EACH YEAR millions of dollars are spent in this country encouraging a healthy lifestyle with ad campaigns and programmes that extol the virtues of a balanced life focusing on diet and a decent amount of physical activity.
It would seem that, as humans have developed, we have created ever more labour-saving devices and automated so many processes, and so, too, waistlines have expanded.
Our intake of high-calorie processed foods combined with modern living's low energy use mean many of us - whole communities, it seems - are on the type of growth curve that you don't skite about.
And that comes with a significant cost as health suffers and obesity-related conditions become more prevalent.
So we have to be urged to do what used to come naturally - exercise. The critical aspect to motivate the masses would surely be enjoyment.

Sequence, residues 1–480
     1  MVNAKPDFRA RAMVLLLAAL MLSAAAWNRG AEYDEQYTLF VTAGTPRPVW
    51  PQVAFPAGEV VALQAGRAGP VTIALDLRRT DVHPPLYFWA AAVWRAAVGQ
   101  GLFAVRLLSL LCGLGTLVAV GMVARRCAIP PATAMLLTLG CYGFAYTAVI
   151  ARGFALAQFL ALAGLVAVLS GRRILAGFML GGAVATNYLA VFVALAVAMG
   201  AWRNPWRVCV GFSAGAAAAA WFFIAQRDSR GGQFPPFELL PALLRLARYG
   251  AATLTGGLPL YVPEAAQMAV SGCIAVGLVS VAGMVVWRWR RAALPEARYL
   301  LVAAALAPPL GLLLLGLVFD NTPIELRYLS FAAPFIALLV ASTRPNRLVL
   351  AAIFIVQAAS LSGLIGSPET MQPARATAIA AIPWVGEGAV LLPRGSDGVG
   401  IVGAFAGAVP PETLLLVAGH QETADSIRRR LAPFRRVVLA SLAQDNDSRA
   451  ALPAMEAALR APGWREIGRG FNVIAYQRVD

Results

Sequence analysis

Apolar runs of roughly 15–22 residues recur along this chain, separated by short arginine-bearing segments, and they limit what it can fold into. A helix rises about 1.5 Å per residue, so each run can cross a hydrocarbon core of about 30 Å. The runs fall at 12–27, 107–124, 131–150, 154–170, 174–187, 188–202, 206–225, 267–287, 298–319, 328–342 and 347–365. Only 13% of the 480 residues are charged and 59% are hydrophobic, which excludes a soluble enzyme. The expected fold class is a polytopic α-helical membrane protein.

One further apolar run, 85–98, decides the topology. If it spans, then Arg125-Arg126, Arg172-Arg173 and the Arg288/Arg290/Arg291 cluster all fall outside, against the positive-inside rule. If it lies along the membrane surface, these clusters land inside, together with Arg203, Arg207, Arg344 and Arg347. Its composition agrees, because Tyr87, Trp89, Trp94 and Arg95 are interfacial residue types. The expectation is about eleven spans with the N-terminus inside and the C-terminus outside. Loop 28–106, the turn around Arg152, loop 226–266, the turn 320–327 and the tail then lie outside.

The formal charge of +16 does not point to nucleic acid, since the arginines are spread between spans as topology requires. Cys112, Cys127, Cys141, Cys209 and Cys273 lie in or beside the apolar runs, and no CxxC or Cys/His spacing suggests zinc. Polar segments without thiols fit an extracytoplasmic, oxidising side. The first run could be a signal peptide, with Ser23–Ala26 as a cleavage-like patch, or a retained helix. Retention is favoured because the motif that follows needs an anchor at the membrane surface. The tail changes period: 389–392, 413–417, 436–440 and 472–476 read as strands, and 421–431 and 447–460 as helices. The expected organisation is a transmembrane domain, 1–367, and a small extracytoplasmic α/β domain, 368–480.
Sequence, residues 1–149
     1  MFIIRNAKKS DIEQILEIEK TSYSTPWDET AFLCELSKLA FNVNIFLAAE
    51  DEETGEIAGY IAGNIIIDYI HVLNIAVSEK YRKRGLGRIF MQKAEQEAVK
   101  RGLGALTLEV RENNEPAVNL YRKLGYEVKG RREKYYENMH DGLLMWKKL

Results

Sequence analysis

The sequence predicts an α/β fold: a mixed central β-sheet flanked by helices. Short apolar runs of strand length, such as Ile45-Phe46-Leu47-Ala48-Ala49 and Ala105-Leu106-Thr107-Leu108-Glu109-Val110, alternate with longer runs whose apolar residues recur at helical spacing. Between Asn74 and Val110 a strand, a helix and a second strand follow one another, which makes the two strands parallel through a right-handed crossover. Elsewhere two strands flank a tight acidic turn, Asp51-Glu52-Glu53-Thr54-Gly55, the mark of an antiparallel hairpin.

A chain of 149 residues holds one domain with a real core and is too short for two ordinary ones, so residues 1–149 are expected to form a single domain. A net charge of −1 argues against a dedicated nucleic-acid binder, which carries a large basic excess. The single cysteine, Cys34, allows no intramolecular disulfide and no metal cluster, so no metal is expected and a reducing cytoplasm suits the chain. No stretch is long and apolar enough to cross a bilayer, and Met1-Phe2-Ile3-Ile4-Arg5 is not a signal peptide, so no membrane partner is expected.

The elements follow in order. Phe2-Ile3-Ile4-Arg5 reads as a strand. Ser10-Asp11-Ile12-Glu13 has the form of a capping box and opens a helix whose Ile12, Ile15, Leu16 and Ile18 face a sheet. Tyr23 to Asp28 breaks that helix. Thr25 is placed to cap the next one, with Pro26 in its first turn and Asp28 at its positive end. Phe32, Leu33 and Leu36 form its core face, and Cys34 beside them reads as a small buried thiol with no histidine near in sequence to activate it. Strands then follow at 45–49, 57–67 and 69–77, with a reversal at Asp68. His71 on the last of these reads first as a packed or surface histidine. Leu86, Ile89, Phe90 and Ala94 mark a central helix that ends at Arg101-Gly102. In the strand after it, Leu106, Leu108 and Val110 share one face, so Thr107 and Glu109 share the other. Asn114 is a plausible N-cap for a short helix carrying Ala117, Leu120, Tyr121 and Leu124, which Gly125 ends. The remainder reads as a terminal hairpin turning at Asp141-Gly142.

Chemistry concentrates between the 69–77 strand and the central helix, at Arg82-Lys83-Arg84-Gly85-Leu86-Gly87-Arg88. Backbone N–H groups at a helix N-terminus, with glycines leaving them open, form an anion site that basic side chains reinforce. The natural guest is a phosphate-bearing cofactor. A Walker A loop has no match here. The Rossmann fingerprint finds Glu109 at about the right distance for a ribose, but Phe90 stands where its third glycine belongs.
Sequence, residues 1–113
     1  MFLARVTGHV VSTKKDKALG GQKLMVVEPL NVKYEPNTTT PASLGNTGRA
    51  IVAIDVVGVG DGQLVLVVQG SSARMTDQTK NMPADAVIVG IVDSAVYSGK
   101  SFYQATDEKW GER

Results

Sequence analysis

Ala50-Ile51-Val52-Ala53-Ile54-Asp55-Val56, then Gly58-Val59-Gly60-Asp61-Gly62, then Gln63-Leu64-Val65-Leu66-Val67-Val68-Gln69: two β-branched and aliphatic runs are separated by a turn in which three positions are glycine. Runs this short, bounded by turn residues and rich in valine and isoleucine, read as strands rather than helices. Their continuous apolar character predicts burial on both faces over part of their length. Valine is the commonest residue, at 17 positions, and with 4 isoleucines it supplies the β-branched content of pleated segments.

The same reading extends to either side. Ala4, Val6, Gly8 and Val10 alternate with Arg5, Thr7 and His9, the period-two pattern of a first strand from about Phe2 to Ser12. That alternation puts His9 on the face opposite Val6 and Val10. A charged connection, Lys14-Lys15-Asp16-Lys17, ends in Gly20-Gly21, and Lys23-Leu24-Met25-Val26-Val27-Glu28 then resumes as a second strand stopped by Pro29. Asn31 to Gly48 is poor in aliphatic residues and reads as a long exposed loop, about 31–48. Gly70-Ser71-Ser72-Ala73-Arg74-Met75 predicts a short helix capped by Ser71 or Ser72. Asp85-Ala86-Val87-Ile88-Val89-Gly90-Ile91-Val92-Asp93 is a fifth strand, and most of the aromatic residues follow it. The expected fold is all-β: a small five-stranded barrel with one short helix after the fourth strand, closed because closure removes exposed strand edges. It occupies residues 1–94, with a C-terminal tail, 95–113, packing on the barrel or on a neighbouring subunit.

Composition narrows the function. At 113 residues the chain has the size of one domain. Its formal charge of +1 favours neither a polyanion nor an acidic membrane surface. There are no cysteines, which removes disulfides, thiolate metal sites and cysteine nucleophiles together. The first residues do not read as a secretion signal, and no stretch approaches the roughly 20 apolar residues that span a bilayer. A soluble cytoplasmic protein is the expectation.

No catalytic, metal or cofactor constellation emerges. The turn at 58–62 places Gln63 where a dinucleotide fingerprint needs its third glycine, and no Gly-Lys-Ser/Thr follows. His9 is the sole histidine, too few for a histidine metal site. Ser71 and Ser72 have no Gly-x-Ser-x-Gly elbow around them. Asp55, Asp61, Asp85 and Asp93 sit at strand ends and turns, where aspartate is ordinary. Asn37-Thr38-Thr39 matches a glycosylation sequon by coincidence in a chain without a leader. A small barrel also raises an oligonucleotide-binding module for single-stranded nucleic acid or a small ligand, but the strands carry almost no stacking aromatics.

If there is one event that exemplifies this, it is the Masters Games. Wanganui is currently hosting this fantastic event. With its range of activities and sports, the games provide an outlet for the serious competitor as well as those who are happy just to participate.
The social aspect is a key factor, which adds to the fun.
Yes, it is true there aren't as many competitors as there have been for past games, but there is serious passion and enjoyment among those able to compete.
That and the organisers' ability to put together a fun-filled 10 days of sport and entertainment mean the event is sure to remain a feature in our events calendar for years to come.
Government officials could take a leaf out of the Masters Games playbook, with its emphasis on participation, fun and camaraderie. ACC used to be the major sponsor, and it isn't unreasonable to suggest the Government might stump up some cash to maintain or expand this successful event.
That would go a long way to converting a lot of couch potatoes into semi-regular participants in sports and could be a cheap and effective use of public money.